Often times, when talking to clients about their financial plan, I like to use some analogies. One of those is thinking about their financial and retirement plan in terms of a sturdy table.
That may sound weird, but lets think about it for a second. A table comes in many shapes and sizes. It can be one legged, six legged, solid wood, flakeboard or all sorts of other combinations. So what makes a table strong? Usually a few things. The first, is a nice solid material. Second however, are the legs under it.
I often ask clients to envision their financial plan as that very table. I ask them how many legs they think it takes to make a sturdy table. Usually, Ill get an answer of four or six, which, would make a pretty strong table. Then, Ill let them envision each of their income sources in retirement. Sometimes, they can only think of one or two. In that case, Ill ask them to envision that one legged or two legged table. The big question at that point is, how easy is that table to knock over? With one or two legs, a simple bump or a strong wind can usually do the job.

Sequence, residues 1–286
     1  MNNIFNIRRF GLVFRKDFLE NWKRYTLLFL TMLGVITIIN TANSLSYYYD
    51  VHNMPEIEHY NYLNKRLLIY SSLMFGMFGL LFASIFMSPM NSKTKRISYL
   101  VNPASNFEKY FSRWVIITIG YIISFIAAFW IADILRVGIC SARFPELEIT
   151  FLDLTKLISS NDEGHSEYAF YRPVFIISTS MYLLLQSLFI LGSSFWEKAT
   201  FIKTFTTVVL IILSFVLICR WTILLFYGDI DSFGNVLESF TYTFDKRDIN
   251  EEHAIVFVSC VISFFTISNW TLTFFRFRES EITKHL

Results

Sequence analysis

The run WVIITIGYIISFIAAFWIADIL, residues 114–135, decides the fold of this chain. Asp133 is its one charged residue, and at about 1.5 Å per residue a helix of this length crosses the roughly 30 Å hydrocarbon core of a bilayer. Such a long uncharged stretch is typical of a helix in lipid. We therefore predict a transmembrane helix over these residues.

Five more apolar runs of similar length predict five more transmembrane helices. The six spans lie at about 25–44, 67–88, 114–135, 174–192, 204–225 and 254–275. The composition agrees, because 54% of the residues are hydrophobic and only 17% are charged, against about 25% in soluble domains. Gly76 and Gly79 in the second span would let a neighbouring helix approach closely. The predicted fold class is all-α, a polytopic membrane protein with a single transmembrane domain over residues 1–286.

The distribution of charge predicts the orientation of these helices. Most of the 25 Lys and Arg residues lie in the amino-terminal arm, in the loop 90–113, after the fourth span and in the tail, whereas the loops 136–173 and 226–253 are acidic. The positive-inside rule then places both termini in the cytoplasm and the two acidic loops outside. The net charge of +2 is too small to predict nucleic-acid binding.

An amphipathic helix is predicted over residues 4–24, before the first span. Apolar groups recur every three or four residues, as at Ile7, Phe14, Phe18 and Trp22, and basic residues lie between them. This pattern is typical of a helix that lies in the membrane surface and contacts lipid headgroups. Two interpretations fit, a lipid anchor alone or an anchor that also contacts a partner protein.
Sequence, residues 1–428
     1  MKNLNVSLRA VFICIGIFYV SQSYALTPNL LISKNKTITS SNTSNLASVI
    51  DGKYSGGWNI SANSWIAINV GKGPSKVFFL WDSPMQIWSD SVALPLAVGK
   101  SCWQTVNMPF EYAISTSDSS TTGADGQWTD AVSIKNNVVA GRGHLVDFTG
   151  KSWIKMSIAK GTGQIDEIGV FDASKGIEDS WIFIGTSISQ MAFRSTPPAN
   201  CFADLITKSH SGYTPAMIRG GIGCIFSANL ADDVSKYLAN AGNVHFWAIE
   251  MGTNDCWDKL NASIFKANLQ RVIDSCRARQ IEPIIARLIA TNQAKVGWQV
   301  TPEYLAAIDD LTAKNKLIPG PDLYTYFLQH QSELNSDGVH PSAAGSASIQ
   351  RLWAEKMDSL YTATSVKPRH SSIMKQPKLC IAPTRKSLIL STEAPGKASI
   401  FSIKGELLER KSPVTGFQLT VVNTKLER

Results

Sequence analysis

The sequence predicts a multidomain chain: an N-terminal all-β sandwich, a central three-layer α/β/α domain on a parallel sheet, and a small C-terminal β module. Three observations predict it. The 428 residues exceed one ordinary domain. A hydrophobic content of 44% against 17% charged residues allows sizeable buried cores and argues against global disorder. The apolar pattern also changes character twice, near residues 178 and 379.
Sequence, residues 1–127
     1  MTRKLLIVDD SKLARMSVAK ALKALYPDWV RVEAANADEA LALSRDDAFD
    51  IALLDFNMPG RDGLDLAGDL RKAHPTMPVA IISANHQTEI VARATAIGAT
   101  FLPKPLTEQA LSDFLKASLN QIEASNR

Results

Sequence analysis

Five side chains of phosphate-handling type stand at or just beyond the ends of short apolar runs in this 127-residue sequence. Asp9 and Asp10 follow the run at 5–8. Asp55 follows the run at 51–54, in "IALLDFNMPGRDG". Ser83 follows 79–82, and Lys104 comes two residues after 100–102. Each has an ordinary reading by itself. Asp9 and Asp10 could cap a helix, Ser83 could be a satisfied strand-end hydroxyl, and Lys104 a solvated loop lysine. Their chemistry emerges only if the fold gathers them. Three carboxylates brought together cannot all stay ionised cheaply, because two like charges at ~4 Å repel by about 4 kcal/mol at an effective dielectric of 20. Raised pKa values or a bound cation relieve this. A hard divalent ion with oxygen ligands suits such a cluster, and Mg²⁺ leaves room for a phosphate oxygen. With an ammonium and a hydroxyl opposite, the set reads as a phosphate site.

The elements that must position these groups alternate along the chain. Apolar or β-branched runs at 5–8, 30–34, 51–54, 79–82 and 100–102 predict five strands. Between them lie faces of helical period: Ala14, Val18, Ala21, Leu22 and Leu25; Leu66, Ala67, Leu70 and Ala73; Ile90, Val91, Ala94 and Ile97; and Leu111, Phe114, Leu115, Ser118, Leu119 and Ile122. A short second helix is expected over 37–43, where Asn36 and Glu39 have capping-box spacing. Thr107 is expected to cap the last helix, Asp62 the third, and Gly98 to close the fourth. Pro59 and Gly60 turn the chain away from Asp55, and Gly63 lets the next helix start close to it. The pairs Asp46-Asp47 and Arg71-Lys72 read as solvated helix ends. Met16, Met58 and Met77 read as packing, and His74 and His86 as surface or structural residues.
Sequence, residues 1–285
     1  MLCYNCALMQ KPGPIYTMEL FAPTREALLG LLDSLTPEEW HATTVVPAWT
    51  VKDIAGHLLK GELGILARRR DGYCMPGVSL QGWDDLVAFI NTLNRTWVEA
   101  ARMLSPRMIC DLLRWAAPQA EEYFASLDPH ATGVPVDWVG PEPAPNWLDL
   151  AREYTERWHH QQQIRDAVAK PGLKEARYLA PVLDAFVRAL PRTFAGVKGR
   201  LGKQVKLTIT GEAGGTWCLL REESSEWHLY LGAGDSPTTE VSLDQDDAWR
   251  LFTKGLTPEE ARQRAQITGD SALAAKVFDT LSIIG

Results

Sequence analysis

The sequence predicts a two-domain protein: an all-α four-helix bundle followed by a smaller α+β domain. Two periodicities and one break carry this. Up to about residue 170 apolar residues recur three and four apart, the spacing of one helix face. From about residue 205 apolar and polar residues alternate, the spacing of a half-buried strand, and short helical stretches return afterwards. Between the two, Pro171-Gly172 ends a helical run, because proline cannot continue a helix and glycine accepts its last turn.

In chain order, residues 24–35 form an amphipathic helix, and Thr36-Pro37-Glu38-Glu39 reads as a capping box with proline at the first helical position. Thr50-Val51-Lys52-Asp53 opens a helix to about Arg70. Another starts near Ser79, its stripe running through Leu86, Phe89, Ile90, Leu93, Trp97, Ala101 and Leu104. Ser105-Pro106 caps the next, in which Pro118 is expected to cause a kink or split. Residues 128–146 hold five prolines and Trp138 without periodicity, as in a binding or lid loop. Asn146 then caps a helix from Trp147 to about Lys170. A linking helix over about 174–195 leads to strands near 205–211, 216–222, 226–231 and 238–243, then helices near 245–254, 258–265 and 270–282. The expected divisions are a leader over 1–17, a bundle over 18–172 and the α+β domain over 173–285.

Now lets go back to your actual retirement plan.
Maybe you only have one leg, which is your pension. If that pension were to get cut o to go away, your table falls easily. Same goes for a two legged table. If one of those legs gets knocked out from under you, again, your retirement table can easily fall. So what can we do? Well, we can spend our earning years making sure we have a strong table. Lets see how:
- Leg 1 – Pension
- Leg 2 – Social Security
- Leg 3 – Qualified assets which can be used as an income stream
- Leg 4 – Nonqualified assets that can be converted to income
With that, we have a nice 4-legged retirement plan.
- The big question at this point is do we have a flakeboard table or a nice solid oak? That’s the time we can take to review our insurance strategies.
- Have we done enough to make sure that our assets are protected from an unexpected catastrophe?
- What about Long Term Care or Assisted living?
The answer to those questions can be the difference between a table that can be passed down through the generations, or one that will crumble under some heavy weight.